Chatzky address these and countless other questions which many of us may have but feel embarrassed to ask. Of course, we can retain highly reputable financial planners whose services are worth every dollar they cost. However, my own experience suggests that a financial planner's best client is a well-informed client. More specifically, financial planners are most valuable once a client has carefully completed exercises such as those which Chatzky includes in her book. Invoking direct address, what do you REALLY want in life? Being rich and being happy are NOT mutually-exclusive. Many people are unhappy because they are essentially insolvent, if not destitute. No savings, credit unworthy, deeply in debt, in danger of foreclosure or eviction, etc. Many others are just as unhappy because of their affluence.
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57 of 63 people found the following review helpful By R. G. May VINE VOICE on October 7, 2003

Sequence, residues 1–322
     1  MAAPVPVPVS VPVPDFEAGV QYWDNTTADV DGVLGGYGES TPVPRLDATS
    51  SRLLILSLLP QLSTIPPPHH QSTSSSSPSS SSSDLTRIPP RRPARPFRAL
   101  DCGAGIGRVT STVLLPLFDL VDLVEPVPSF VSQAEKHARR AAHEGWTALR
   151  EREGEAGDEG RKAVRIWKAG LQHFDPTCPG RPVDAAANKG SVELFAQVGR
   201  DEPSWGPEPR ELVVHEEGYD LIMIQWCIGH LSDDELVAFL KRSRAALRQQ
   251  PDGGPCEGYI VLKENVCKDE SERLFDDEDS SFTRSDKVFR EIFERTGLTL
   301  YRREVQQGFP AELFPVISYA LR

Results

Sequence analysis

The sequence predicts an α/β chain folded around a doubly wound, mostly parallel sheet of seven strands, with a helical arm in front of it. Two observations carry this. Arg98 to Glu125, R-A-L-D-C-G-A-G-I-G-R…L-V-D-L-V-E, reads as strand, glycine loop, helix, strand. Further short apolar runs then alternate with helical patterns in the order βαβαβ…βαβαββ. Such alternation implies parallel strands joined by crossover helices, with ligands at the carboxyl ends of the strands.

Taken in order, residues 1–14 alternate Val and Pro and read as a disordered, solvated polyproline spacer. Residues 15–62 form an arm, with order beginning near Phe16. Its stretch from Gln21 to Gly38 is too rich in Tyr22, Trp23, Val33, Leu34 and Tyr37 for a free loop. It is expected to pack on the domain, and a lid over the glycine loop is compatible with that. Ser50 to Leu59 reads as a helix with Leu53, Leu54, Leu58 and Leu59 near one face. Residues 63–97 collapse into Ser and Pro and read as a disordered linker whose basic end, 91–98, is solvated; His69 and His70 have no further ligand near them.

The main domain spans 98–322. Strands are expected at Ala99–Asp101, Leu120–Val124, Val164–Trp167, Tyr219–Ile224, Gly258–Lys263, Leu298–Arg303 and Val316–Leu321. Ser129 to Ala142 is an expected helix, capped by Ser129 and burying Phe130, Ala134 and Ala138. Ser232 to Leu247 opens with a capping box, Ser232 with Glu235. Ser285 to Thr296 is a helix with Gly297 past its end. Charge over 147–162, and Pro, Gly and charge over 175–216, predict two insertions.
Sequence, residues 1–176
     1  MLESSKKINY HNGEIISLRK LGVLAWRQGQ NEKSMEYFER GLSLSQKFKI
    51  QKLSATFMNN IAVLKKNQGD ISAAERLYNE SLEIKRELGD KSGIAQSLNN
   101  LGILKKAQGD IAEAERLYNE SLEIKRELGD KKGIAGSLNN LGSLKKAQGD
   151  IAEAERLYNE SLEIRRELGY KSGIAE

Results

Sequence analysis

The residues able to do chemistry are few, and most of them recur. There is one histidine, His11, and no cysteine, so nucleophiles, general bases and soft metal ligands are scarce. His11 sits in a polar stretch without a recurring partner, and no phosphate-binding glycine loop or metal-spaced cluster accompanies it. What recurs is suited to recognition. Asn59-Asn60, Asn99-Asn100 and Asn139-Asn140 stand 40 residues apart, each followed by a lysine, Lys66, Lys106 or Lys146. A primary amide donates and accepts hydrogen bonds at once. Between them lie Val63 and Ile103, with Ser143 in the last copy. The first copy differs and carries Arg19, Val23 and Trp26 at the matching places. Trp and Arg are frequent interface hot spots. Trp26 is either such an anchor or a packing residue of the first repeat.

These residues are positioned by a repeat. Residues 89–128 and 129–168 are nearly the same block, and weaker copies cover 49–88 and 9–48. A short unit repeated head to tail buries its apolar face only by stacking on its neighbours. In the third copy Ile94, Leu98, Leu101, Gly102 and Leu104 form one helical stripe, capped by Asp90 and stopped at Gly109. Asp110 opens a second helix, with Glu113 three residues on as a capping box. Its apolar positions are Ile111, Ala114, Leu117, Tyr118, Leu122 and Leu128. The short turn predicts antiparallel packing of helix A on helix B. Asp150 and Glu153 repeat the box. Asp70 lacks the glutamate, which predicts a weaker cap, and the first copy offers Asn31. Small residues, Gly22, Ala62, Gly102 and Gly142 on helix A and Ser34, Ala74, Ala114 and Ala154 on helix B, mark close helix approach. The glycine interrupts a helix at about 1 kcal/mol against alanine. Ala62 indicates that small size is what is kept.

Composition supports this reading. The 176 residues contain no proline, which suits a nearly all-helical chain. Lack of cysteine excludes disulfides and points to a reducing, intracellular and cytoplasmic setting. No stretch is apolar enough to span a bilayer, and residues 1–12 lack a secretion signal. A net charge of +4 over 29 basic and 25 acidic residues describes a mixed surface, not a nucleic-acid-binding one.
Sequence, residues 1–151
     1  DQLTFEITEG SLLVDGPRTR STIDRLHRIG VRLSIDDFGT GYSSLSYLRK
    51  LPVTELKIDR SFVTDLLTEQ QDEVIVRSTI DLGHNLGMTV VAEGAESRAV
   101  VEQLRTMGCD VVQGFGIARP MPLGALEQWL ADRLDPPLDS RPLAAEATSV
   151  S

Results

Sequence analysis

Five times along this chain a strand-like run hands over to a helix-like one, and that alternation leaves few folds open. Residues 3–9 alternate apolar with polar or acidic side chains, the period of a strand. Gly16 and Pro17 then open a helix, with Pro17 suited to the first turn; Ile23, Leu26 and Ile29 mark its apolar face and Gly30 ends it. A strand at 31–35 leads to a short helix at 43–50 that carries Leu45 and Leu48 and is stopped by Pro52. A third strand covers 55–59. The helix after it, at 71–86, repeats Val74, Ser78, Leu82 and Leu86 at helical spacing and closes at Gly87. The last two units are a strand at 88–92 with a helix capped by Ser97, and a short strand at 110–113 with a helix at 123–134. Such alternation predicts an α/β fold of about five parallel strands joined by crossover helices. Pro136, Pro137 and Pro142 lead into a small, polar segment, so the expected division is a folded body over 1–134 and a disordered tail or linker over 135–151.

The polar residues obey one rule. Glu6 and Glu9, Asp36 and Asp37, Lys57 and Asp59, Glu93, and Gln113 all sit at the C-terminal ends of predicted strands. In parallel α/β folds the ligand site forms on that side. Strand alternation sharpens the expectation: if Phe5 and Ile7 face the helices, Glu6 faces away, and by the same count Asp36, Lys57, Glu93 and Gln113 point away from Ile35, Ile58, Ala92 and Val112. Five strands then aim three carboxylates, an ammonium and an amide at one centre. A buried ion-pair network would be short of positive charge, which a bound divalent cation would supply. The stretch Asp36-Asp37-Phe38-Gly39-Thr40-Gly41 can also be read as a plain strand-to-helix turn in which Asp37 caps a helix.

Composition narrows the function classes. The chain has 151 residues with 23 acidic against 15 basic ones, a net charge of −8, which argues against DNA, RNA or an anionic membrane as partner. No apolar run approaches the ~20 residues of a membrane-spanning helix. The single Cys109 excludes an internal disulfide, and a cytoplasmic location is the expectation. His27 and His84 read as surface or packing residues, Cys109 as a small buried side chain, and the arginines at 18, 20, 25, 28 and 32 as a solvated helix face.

Format: Hardcover
I had an opportunity to obtain this book at a function before it was available to the public. Ms. Chatzky also provided some very nice supplemental commentary to the delegates of this convention. I appreciate her approach; however, there is one point to keep in mind as you read this book: this book is for consumption by a populace that for the most part is financially illiterate. If you're a detail oriented person with some financial acumen, some of the suggestions made in this book will drive you crazy (i.e. paying your bills the day they come in). However, if money is controlling you instead of you controlling it, if you find yourself confused or bewildered by a myriad of options and not enough explanation, or you feel your financial life is simply out of control, then this is an excellent starting point to bringing some order to chaos.